and Pakistan in hockey after the introduction of astro-turf, lost their position at the top of the pyramid.

Why did West Indies decline since 1987? One of the primary reasons was the inability to find replacements for batting greats like Desmond Haynes, Gordon Greenidge, Clive Lloyd and Vivian Richards, who either retired or became shadows of themselves one by one.

Though Brian Lara burst onto the scene soon after, the team struggled with the openers and the middle order. In the bowling department they were served well by Walsh, Curtly Ambrose, Malcolm Marshall and Patrick Patterson. But, the batting just collapsed.

The defining memory of the West Indian decline is the 1991-92 world cup match against South Africa. After Marshall and Ambrose sent the Proteas packing for just 200 runs, West Indies collapsed for a paltry 136. And in their final encounter, against Australia, they failed to chase 216, and got knocked out. (Incidentally, had they won, like in 1987, Pakistan would have not progressed to the semi-finals).

In every sport, some sides are feared. Some are hated. A select few are loved universally. To the credit of the West Indies, it has evoked all these emotions during its cricketing journey. From the side that was feared for its ability to demolish every rival, hated for its ability to spill blood on the pitch by bowling short, fast balls targeting the batsman’s skull, it has now morphed into a merry band of entertainers.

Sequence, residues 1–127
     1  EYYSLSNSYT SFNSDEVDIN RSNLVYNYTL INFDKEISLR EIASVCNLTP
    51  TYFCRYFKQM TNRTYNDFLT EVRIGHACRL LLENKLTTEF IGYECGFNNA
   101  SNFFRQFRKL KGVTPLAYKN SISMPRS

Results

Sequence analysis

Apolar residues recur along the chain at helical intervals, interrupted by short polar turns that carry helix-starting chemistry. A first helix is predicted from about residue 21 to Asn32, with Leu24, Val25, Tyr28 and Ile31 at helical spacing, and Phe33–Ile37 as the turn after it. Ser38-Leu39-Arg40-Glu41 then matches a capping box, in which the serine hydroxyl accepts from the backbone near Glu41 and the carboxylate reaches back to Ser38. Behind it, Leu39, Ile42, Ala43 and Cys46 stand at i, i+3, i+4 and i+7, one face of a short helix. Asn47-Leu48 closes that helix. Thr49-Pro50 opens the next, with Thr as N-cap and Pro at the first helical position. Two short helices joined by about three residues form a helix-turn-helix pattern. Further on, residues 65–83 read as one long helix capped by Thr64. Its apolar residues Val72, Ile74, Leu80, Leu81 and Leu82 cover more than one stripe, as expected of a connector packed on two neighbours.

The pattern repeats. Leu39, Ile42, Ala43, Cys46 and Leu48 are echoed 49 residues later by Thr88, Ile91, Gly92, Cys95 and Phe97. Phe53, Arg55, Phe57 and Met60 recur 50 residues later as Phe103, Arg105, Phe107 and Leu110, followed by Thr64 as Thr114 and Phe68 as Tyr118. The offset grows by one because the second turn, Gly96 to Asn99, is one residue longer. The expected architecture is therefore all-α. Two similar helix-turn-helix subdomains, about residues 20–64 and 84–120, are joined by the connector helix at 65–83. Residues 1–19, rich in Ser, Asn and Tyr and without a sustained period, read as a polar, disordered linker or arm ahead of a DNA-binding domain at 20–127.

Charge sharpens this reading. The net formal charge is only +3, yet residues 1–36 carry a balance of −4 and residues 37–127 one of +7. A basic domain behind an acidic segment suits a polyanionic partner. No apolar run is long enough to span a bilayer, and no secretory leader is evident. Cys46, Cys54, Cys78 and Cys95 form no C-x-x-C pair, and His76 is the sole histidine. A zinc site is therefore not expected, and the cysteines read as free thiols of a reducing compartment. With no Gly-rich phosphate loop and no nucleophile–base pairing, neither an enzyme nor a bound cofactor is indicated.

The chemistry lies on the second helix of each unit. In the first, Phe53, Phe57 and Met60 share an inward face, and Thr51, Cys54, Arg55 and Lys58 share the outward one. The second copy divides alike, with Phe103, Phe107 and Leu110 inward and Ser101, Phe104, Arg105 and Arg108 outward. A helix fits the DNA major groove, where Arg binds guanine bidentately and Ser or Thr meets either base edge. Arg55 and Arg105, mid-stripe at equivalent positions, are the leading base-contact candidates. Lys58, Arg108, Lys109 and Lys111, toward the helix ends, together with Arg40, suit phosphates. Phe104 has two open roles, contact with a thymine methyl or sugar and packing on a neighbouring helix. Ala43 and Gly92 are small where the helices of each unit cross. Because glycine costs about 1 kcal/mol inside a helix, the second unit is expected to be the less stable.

These days when Chris Gayle, Andre Russell, Jason Holder and Carlos Brathwaite walk out to play, everyone watches them with a sense of delight for their carefree batting, penchant for kamikaze-type hitting, bowling short and fast and innovative Sheldon Cottrell-brand celebrations.

But, not many expect them to win. Like good boys and gentlemen of the game, they are just expected to entertain and go back home.

That evening in Lahore, Walsh changed something about West Indian cricket. His legacy is still walking the red carpet.